Today, Thursday November 3th, we celebrate the 13th edition of the “International Project Management Day”. This day was established in 2004 by Frank P. Saladis and since then it has been held the first Thursday of November each year, with the aim of giving greater visibility to the value contributed by the project management and highlighting the work of project managers around the world. Therefore, it is considered further the “Project Manager Day”.
A growing responsibility always involves a load of tasks that can surpass the best boss or director capacity of management. That is the reason why knowing how to delegate is a major skill for every manager. However, delegating can make you feel like you’re loosing control of the tasks that are being entrusted to others.
Today we want to talk about the 9 myths that prevent you from delegating and our particular point of view about each one of them:
When we talk about organizational skills, we refer to those aspects that a project manager should control in relation to the working practices within the team and the support processes that are necessary for the proper execution of a project. These skills have a direct impact on both personal and group productivity since the team becomes more efficient and boosts its motivation.
A project manager should keep in mind the following points in order to become a good “organizer”:
Yes, having good communication skills is one of the key abilities of a project manager. However, this fact is frequently overlooked when choosing the ideal candidate for that position. Moreover, it is not emphasized as much as it should in most project management training programs. Thus, many times we find project managers with excellent management and technical skills but which are really not-that-good communicators.
Why is it so important?
First of all, because a good leader should be a great communicator in order to lead and motivate his or her team, as we have discussed before. This is something that not only applies to the members of the team but to all the stakeholders of the project. A project manager has to be aware that all of them have different profiles and interests, and that it requires from him or her a great ability to adapt the message to each one.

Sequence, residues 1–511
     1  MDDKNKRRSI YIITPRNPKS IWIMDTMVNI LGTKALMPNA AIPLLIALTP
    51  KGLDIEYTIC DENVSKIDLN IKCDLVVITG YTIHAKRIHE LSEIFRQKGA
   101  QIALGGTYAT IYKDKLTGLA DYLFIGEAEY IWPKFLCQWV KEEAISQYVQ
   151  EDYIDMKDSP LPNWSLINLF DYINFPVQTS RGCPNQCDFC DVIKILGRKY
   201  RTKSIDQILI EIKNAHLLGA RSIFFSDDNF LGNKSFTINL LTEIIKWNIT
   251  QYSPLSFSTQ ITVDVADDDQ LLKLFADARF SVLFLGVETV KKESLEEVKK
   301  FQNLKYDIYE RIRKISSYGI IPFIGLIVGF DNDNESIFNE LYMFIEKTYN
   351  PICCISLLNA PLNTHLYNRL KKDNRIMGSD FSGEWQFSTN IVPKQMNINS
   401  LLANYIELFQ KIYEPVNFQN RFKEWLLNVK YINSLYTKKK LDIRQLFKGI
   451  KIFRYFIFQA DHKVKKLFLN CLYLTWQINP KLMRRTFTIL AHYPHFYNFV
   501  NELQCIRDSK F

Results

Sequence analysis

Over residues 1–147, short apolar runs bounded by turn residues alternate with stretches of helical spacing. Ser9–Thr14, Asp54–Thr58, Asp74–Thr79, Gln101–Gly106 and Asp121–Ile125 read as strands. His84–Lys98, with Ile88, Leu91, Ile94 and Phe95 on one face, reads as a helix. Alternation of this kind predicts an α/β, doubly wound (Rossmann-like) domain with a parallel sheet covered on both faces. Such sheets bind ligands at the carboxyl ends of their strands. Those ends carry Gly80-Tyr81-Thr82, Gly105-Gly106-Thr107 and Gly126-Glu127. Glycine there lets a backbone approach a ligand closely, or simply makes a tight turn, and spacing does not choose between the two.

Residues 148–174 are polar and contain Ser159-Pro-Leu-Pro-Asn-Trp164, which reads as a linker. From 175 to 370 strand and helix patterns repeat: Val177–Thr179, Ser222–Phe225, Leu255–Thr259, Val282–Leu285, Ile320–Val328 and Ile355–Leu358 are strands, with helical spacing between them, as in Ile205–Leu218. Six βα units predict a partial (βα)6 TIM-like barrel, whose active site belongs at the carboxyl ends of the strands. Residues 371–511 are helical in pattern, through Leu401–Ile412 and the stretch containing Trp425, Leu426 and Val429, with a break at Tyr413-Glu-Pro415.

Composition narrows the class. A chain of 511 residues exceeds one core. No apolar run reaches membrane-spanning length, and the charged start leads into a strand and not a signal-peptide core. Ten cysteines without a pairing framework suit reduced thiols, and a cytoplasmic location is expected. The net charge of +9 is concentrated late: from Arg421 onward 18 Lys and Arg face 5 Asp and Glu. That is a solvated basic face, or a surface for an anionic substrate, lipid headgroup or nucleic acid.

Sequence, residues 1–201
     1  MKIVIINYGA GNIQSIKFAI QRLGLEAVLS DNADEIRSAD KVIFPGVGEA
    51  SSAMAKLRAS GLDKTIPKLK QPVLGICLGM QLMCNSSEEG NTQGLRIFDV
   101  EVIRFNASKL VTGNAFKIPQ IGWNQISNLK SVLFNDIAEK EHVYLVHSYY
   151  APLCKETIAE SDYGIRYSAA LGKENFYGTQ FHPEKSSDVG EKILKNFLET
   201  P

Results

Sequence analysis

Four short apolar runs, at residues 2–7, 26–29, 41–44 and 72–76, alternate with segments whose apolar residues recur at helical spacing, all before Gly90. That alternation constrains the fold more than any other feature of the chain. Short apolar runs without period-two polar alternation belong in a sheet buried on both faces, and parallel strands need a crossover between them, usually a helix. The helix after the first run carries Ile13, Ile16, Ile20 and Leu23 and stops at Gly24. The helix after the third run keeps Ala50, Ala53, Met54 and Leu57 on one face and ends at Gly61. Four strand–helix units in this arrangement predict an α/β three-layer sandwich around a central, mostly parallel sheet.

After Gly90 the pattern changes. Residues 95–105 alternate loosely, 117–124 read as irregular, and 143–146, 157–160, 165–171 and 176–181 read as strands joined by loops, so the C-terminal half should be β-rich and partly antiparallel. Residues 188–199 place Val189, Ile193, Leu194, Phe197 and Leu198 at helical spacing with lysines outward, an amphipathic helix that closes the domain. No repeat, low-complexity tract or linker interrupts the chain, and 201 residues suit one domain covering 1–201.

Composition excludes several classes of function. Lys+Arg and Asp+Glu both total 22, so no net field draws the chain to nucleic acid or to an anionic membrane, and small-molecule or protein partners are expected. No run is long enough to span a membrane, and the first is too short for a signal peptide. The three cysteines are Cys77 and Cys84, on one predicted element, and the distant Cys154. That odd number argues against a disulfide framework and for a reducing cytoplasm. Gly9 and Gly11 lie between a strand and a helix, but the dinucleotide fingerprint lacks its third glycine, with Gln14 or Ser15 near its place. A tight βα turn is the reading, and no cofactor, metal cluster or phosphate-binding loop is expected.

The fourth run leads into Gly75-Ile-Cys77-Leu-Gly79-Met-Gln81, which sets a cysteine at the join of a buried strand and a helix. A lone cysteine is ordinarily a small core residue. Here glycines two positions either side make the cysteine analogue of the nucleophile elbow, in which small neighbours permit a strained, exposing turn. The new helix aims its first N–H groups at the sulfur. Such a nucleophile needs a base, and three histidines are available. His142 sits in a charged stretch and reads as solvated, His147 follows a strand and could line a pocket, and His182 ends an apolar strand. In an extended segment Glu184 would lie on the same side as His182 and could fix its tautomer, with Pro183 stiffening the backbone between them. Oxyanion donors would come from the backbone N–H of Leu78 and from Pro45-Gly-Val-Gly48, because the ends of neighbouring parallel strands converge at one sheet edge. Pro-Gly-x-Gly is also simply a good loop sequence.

A few weeks ago, we wrote in the Doolphy Blog about the figure of the project manager. We listed each one of the features that are essential for that role. The conclusion was that management, leadership, communication and organization are skills that have to be necessarily found in any good project manager.
This time, we want to focus on the first one: the management skills. A project manager has to be good in the following tasks:
Managing a project is like trying to lead a ship to port. It takes a captain capable of weathering storms, keeping the morale of the crew up, being clear about the destination and route to follow and mastering the art of navigation. In short, in a project there must be a true leader and, therefore, leadership is one of the essential capabilities that must be present in a project manager, as indicated in our last post.
This post will deal with the key capabilities that allow you to achieve the success and recognition you are seeking at your job.
All necessary skills to achieve it, both technical and interpersonal, may be grouped into 4 major pillars, management, leadership, communication and organization:
In a rapidly changing environment like this, where the level of uncertainty in organizations is high, it is essential to carry out an appropriate management of internal and external changes that may happen in a project to ensure its success.
Therefore, we know that the project is a dynamic, affected by a big amount of factors, some of them unpredictable. Only then, we will be able to respond to them quickly and avoid deviations that prevent us from meeting the expectations of stakeholders.
The keys to successfully carry out a “dynamic management” of the project are:
Work teams change as new employees are added and others move to new positions or companies. If you chose to start a small business and are growing, you’re probably looking to bring in new hires. However, finding people who are the right fit with your company and culture can prove a challenge. Adapting to a new team takes time. What about when a new manager is brought in? While he/she is part of your immediate workforce, the lines are drawn a bit differently.
Keep these 4 things in mind when a new manager is hired. Read more »